REVIEW | A Taste of Honey at the Artzu Gallery

Manchester artist Chris Acheson draws much of his inspiration from everyday life...
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Manchester artist Chris Acheson draws much of his inspiration from everyday life and the black and white kitchen sink dramas of the Sixties so it comes as no surprise that the classic film A Taste Of Honey forms the basis of a wonderful exhibition that leaves a lasting impression, says Jemima Forbes

A Taste Of Honey was an era-defying play by Shelagh Delaney which went on to become a West End hit and an award-winning film starring Rita Tushingham. It focuses around working class life in post-war Salford and addresses issues which were controversial at the time such as race, homosexuality, sex, and pregnancy.

The 1961 film was shot on location in and around Manchester and Salford and was one of Manchester artist Chris Acheson’s favourites when he was growing up.

Now Chris, who trained at Manchester Metropolitan University and lives and works in here, has brought the film back to life in a solo art exhibition which merges past and present in an interesting array of oil paintings.

The paintings give the impression of painted film stills yet Chris manages to give them new life and relevance. Taking images from the black and white film, Chris has recreated them in striking paintings and put his own stamp on them with the addition of a few contemporary twists – a modern tabloid newspaper in the painting Girl with a Cup of Tea and a row of recycling bins in Shelagh Take a Bow. We’ll let you spot the others yourself!

A Taste Of Honey At The Artzu Gallery 01

Manchester and Salford may be much changed from the 1960s but it is possible to recognise parts of the city’s famous canals in many of the paintings such as The Captain Said it Will and The Alley Alley Oh.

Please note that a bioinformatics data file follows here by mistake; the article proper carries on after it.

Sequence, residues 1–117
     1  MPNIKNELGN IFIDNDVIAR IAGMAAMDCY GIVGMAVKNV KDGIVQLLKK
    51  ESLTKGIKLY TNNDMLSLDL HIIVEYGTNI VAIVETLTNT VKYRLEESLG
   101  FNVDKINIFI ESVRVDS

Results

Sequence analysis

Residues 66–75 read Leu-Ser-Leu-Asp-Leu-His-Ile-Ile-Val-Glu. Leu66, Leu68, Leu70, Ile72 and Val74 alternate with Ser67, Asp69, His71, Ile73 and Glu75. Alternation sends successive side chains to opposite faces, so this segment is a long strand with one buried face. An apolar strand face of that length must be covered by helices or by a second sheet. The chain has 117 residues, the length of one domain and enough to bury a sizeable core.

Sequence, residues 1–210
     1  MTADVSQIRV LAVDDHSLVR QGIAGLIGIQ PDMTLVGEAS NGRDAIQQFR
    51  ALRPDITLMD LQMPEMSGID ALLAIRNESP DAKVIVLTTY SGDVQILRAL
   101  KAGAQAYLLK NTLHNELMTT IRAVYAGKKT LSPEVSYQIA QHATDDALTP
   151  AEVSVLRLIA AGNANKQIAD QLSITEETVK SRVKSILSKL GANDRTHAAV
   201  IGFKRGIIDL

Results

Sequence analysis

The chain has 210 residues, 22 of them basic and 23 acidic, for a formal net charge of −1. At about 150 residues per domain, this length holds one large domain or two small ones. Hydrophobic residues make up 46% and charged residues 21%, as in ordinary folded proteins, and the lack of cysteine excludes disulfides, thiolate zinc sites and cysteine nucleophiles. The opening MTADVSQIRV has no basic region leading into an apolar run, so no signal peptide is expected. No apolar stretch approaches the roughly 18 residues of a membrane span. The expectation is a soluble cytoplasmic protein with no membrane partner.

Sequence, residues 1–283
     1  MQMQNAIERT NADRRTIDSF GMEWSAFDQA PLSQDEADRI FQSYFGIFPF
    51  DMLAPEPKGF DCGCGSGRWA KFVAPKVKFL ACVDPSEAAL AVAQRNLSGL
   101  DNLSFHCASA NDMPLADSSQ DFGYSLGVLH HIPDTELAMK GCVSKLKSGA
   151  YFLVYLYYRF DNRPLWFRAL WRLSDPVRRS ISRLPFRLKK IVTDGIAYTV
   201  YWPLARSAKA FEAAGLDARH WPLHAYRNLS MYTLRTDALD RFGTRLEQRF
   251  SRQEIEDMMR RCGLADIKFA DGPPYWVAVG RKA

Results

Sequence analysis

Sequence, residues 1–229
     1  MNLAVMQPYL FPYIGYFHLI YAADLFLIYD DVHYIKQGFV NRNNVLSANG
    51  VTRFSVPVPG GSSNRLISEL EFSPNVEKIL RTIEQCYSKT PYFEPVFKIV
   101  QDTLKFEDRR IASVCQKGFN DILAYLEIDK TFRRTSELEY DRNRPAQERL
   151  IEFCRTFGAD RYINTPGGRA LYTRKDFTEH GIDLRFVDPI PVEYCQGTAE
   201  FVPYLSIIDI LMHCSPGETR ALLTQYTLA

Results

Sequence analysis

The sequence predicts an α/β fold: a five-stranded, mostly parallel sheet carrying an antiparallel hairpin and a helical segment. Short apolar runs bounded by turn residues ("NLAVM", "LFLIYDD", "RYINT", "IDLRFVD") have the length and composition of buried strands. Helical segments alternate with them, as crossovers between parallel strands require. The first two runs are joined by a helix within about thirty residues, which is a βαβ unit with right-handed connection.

The paintings maintain an aura of theatricality and drama from the film by focusing on close- ups of some of the characters which emphasise their raw emotions.

Of the use of film stills, Chris says: “The detail on a film still in motion-capture is significantly less than you’d get with a digital camera, but still has enough detail to keep me interested.” The absence of this detail allowed Chris the freedom to make the images his own through his unique painting style whilst still maintaining a high level of realism.

Chris has spoken about how some of his paintings have been influenced by the works of other artists. In one painting entitled The Bonfire, children are depicted dancing around a fire in the street in an indirect reference to the work of Goya through its bold colour choices and composition.

The opening night of the exhibition was attended by Chris and the star of the 1961 film, Rita Tushingham. It runs until 6th December and is well worth a visit. Prints of some of the paintings are available to purchase from the gallery if you fancy adorning your walls with a bit of Mancunian culture with a humorous contemporary twist.

Artzu Gallery, Old Granada Studios, Quay Street, Manchester M3 4PR

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